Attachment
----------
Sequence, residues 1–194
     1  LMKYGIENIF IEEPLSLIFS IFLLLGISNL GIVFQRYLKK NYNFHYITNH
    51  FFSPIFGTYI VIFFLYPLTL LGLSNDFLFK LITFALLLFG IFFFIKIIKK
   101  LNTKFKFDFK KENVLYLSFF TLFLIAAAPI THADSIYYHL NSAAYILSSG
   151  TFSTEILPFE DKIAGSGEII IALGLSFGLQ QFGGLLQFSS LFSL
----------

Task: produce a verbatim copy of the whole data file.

Sequence, residues 1–194
     1  LMKYGIENIF IEEPLSLIFS IFLLLGISNL GIVFQRYLKK NYNFHYITNH
    51  FFSPIFGTYI VIFFLYPLTL LGLSNDFLFK LITFALLLFG IFFFIKIIKK
   101  LNTKFKFDFK KENVLYLSFF TLFLIAAAPI THADSIYYHL NSAAYILSSG
   151  TFSTEILPFE DKIAGSGEII IALGLSFGLQ QFGGLLQFSS LFSL